Select AHDA program fellows have been working on projects advancing civil rights movements, including in the U.S. starting some years back. Please see a highlight of AHDA alumna Tammi Sharpe (2013), who has been working on a project “Oral History and the Civil Rights Movement.”
Tammi Sharpe has created an oral history project that examines the statements of bystanders or supporters of segregation during the civil rights movement in the 1960s in the United States. Birmingham was a focal point of civil rights activities and the Birmingham Civil Rights Institute (BCRI) has an extensive oral history collection of foot soldiers in the movement but no documentation on resistance to it. This omission represents a significant gap in the public’s understanding of the period and a challenge to dealing with the history of race in the United States in a robust way. Tammi publicized her idea for a project in local newspapers, and interviewees contacted her and asked to be interviewed and to tell their stories. Those oral histories are now part of the BCRI collection.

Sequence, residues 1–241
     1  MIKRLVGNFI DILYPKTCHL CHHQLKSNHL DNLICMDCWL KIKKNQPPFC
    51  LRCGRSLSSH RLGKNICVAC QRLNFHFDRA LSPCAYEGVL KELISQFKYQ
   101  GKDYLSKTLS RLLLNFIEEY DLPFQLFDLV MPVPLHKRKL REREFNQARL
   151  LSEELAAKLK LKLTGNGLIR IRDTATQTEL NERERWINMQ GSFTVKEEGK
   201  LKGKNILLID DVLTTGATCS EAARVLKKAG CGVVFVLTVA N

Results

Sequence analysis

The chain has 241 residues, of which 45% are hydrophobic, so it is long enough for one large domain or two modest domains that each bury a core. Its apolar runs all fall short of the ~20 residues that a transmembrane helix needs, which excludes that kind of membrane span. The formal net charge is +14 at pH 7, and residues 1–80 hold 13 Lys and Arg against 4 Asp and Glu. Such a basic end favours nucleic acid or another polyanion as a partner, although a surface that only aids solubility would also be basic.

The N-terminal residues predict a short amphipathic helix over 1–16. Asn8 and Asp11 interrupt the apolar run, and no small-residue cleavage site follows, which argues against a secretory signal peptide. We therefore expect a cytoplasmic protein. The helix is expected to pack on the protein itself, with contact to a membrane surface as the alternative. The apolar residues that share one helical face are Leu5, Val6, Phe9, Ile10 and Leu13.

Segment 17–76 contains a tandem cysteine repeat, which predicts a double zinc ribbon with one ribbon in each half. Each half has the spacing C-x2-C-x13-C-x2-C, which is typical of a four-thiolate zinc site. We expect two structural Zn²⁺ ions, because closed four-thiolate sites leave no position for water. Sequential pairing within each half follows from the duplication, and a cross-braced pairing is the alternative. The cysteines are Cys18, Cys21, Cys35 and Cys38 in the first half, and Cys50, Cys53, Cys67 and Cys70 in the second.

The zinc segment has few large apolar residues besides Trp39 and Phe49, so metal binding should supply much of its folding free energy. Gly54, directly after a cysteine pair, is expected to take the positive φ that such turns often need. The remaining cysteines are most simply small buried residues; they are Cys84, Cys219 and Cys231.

The completion of the oral history component coincided with public events related to the project, in which individuals who Tammi interviewed as well as foot soldiers in the civil rights movement told their stories to a general audience, spurring conversation about the past. The events were recorded and were aired on NPR and made available as a podcast. Finally, Tammi is completing a book based on edited summaries of the 21 interviews she conducted; the text also contains historical background on race relations and slavery in the United States and a meditation on atoning for the crimes of slavery and segregation, offering lessons for other countries trying to redress legacies of human rights violations. These three Foot Soldiers' oral histories were part of the original Oral History Collection at BCRI, which has more than 500 interviews. The project is in the final stages.